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Flower appointed new England coach

Andy Flower was on Wednesday named as the new England coach by the England and Wales Cricket Board.

The 40-year-old former Zimbabwe and Essex batsman was unveiled as the man to lead England's bid to win The Ashes at a press conference at Lord's.

He was the overwhelming favourite to be given the job after stepping in as caretaker when Peter Moores was sacked in January. Flower, who acted as Moores's assistant in 2007, takes over the top job in English cricket after overseeing the recent tour of the West Indies.

Crucially he had the support of players like England skipper Andrew Strauss and all-rounder Andrew Flintoff, who were impressed by his man-management in the Caribbean.

Under his management England were defeated in the Test series before securing a 3-2 victory in the one-day series.

His first fixture on a hectic summer schedule comes on May 6 and the start of the West Indies return tour, followed by the Twenty20 World Cup and The Ashes against Australia.

Speaking at Lord's, Flower conceded he had been reluctant to put his name forward before changing his mind in the Caribbean.

"When I went on that West Indian tour I didn't know whether I wanted to apply for this job or not," he told the press conference.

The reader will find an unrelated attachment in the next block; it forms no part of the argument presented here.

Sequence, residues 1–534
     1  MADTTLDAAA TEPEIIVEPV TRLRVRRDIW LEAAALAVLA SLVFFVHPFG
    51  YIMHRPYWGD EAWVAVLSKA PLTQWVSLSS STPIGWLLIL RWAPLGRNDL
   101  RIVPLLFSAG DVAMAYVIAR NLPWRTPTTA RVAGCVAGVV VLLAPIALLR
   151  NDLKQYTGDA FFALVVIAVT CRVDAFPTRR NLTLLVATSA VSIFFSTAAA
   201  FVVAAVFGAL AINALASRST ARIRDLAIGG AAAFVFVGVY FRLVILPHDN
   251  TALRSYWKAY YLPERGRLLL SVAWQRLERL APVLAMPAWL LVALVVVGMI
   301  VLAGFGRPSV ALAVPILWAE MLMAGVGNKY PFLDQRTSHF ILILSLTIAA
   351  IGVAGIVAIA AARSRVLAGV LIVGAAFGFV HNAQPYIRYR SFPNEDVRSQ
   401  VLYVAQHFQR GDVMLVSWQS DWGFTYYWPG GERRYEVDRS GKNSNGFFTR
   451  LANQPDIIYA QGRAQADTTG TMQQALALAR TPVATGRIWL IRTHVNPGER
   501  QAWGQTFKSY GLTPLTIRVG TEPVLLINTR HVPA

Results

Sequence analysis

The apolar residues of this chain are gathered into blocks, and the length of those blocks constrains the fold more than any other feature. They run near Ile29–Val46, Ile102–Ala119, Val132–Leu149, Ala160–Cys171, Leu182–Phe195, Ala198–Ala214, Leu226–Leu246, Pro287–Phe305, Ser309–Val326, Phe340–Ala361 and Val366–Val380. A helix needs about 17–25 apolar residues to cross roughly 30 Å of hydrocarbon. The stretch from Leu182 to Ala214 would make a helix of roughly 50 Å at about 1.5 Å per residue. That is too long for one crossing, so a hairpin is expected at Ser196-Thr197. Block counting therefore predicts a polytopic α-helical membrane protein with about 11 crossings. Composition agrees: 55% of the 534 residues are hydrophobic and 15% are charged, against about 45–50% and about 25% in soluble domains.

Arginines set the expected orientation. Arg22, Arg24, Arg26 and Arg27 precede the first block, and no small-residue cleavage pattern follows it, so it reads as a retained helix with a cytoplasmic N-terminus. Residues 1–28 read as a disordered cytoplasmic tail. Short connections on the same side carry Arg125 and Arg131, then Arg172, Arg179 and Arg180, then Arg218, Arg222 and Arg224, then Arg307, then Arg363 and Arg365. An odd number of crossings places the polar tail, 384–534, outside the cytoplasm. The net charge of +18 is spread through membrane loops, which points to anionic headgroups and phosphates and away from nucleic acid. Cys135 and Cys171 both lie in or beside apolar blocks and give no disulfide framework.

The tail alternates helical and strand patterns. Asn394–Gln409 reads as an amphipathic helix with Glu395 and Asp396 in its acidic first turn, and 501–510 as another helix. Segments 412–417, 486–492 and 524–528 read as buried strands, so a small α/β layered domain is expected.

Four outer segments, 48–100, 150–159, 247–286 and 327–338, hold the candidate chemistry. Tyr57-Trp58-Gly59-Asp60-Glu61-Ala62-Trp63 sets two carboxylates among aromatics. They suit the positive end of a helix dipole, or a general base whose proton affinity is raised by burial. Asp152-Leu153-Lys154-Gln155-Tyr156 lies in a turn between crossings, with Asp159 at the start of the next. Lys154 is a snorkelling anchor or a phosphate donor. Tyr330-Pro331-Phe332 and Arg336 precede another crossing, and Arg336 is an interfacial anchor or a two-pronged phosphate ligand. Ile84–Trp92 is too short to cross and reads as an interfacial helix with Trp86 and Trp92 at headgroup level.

"Halfway through I had made up my mind that I did.

"I'm very honoured to be given the position. I believe the last three months will stand me in good stead.

"I was interim coach for that tour, now that I'm in charge, so to speak, things change, definitely."

Flower admitted there were difficult decisions ahead and asked about a possible return to the Test arena for former England captain Michael Vaughan, Flower said: "That is one of the topics that will be discussed." Flower also backed former captain Kevin Pietersen, whose fall-out with Moores ended with Pietersen losing the captaincy and Moores leaving his post.

Flower added on Pietersen: "He's very important to English cricket. He's a very fine player. Kevin and I have always got on pretty well and that hasn't changed."

Hugh Morris, managing director of the England and Wales Cricket Board, revealed there had been 30 applicants for the role.

Morris said: "We had a great deal of interest. We were very happy with the level of candidates and the standard of candidates who applied for the job. LONDON, Thursday, AFP


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